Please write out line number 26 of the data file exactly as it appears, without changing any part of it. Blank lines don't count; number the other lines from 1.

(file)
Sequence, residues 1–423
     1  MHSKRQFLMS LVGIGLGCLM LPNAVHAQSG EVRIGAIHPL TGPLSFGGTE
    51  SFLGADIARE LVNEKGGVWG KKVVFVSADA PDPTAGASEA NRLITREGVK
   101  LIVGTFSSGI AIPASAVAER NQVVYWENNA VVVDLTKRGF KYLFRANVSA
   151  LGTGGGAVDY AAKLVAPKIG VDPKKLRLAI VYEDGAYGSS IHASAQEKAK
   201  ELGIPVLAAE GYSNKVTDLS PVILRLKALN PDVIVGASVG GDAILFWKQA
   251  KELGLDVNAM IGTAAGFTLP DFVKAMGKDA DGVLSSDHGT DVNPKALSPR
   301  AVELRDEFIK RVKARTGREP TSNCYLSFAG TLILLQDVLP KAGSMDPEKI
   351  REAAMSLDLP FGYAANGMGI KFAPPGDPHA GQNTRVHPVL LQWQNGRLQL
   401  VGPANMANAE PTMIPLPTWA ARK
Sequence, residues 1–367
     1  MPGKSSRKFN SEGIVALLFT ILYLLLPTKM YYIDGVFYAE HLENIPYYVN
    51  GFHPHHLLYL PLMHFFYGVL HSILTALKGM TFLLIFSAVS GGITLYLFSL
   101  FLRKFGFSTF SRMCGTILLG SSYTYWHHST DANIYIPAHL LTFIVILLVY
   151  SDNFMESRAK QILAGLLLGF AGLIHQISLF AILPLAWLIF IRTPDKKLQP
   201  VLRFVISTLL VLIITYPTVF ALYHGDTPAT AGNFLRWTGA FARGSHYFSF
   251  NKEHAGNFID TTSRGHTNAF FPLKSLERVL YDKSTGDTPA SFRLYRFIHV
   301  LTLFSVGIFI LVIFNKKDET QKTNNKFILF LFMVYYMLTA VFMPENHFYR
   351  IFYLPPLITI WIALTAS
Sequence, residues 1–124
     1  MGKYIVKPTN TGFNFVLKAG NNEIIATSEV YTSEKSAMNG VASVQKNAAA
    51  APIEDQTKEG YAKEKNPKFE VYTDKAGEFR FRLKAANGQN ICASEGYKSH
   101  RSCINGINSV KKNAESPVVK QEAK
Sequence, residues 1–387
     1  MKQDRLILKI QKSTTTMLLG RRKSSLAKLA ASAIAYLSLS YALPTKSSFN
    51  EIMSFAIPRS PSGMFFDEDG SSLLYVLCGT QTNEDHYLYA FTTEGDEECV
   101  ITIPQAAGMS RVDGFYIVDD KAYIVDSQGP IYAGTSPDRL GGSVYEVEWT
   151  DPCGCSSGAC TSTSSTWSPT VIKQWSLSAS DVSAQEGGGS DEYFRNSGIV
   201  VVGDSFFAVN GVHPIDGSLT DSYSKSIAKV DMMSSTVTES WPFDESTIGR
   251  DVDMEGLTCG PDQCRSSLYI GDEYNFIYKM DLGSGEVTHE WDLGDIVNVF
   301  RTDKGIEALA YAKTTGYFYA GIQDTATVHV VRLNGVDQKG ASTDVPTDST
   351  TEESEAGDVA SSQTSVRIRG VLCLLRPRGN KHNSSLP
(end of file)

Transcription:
    51  EIMSFAIPRS PSGMFFDEDG SSLLYVLCGT QTNEDHYLYA FTTEGDEECV